99% Pure

According to a study commssioned by the US government, about 1% of sites indexed by Google are sexually explicit. They also found that the strictist Internet filters block 91% of this content while the more lenient ones (that also allow for educational material related to sex to be searched) block about 40%.

The study also debunked the notion that porn or other sex related material is the most commonly searched topics: their study found that less than two percent of searches pertained to sexually related content.

So, are we making a lot of fuss over nothing? Maybe, maybe not. No matter what, parents are going to be concerned about the content that their children encounter. And the 2005 report by Crimes Against Children found that one-third of youth online saw sexual material they did not want to see, compared to one-fourth in 2000.

But how many youth are seeing sexual material that they wanted to see? Or how much of the unwanted sexual material was seen because they were trying to look up information related to sex and simply used the “wrong” words in their queries? We will never know unless we ask.

I am glad that researchers are asking about youth exposure to sexual content. It’s also great that they are asking about relationships formed online, and experiences of sexual solicitation. However, we need to know more about purposeful searching for sexual information. Not just sexual health information — we do know a little bit about teens’ searching habits when it comes to looking for information about STDs and pregnancy — but information about sex, what it is, and what is it like. Without healthy role models and examples of the actual experience of sex, youth will seek out the information and we have no idea what the results and the effects of those results are.

There is no easy solution here. I don’t know how we are going to solve the problem of children asking questions and having easy access to all sort of inaccurate answers. But until we start to grasp the extent of the issue, we can’t even begin to ask the right questions that will lead us to sensible solutions.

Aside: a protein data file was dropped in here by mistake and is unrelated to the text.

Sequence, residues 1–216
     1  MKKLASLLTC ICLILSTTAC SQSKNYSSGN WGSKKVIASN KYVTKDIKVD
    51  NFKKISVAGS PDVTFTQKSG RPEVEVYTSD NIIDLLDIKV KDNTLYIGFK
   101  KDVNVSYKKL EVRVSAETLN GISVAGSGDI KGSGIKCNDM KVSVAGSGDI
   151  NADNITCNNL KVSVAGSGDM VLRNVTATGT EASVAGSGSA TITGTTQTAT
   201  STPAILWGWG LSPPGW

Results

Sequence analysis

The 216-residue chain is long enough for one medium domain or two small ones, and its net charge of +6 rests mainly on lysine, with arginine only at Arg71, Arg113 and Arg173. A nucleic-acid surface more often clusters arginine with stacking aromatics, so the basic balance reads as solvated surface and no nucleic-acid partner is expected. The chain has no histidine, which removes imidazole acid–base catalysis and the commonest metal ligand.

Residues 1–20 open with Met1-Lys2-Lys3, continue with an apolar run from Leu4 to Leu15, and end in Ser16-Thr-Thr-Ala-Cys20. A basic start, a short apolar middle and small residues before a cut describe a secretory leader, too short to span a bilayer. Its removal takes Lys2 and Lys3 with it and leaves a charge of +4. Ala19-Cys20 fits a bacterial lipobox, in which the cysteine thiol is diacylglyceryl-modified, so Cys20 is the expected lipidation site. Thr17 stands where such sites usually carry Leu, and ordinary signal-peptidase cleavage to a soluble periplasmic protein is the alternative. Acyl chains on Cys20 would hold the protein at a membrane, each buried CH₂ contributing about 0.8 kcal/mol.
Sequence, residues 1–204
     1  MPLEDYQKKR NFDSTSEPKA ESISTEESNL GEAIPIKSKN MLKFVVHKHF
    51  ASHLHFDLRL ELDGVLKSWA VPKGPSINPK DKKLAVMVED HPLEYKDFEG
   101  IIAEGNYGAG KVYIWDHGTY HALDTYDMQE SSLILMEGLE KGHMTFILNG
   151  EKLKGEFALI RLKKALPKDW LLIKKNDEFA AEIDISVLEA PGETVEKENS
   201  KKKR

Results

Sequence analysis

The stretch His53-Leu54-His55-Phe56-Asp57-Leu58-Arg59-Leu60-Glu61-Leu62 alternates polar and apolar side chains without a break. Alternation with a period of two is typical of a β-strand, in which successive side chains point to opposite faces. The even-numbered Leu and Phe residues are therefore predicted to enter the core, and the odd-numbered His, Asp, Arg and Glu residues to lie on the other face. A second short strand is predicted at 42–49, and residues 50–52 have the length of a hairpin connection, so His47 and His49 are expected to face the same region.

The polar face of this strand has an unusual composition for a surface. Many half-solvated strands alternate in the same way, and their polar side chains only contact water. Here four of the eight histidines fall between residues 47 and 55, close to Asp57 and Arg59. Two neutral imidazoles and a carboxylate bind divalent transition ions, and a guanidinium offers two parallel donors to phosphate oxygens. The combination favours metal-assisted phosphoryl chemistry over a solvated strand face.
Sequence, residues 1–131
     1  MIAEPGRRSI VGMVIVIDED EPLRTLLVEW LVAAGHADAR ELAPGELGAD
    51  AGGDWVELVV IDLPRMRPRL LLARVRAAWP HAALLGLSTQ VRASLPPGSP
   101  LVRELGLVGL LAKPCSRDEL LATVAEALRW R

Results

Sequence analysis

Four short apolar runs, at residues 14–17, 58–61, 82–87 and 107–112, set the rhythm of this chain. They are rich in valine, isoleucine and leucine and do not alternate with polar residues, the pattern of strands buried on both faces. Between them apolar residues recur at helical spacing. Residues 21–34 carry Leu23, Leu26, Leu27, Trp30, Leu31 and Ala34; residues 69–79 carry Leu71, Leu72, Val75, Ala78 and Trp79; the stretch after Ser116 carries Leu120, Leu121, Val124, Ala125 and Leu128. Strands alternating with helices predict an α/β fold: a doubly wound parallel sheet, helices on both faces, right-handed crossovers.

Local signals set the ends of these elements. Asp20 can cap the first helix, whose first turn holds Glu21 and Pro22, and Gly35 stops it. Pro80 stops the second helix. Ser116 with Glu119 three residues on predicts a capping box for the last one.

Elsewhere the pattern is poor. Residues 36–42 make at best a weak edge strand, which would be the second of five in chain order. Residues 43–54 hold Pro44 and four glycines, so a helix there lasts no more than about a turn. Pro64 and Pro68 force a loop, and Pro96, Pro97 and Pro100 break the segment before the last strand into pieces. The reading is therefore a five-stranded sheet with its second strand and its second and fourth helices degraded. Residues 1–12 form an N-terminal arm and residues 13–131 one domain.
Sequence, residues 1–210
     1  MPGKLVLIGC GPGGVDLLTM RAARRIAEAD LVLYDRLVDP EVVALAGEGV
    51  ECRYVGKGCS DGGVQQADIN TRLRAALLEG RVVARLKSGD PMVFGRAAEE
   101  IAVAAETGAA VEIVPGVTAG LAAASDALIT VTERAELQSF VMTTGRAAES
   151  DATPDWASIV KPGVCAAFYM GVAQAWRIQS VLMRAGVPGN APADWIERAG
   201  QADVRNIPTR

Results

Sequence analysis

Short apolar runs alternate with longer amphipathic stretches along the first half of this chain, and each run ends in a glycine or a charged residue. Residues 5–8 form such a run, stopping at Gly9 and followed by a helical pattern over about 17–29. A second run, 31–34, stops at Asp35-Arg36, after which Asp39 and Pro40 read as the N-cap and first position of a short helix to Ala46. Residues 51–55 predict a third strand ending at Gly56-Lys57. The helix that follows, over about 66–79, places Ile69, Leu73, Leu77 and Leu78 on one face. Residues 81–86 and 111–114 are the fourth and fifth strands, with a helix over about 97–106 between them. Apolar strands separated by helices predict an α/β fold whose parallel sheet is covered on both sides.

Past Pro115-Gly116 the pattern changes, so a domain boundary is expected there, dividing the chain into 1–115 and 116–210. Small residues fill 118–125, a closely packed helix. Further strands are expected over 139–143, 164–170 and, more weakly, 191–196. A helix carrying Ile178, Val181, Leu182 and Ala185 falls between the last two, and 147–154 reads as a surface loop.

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Breaking up is not so hard to do anymore

You’ve heard it from several places already I bet, but Britney Spears supposedly broke up with her husband Kevin Federline via a text message. And for extra technological fun, it was captured on YouTube, as poor Kevin was on a talk show when it happened. Just goes to show you that if you check your messages while in the company of others, karma is going to catch up with you.

I was disappointed in the basic story coverage by the US news affiliates. It seems as though they got lazy in their research. The Rueters news article which is the one everyone seems to be using (it’s the one I linked to via MSNBC) states that “No U.S. figures were available to track the use of text messaging to dump partners.” Although they are correct, there is some US research that is close enough to make it worth mentioning. According to a Pew Internet and American Life survey conducted in 2001, 13% of teens have used IM to break up with someone (to be fair, 17% used it to ask someone out). Given that it’s been five years since this research, one can imagine the numbers for breaking up using text messages would be similar. It’s also similar to the Swiss figure, which states that 9% of their young population has broken up with someone using a text message.

So Kevin, don’t feel so bad. You can get online and IM your friends to let them know how sad you are.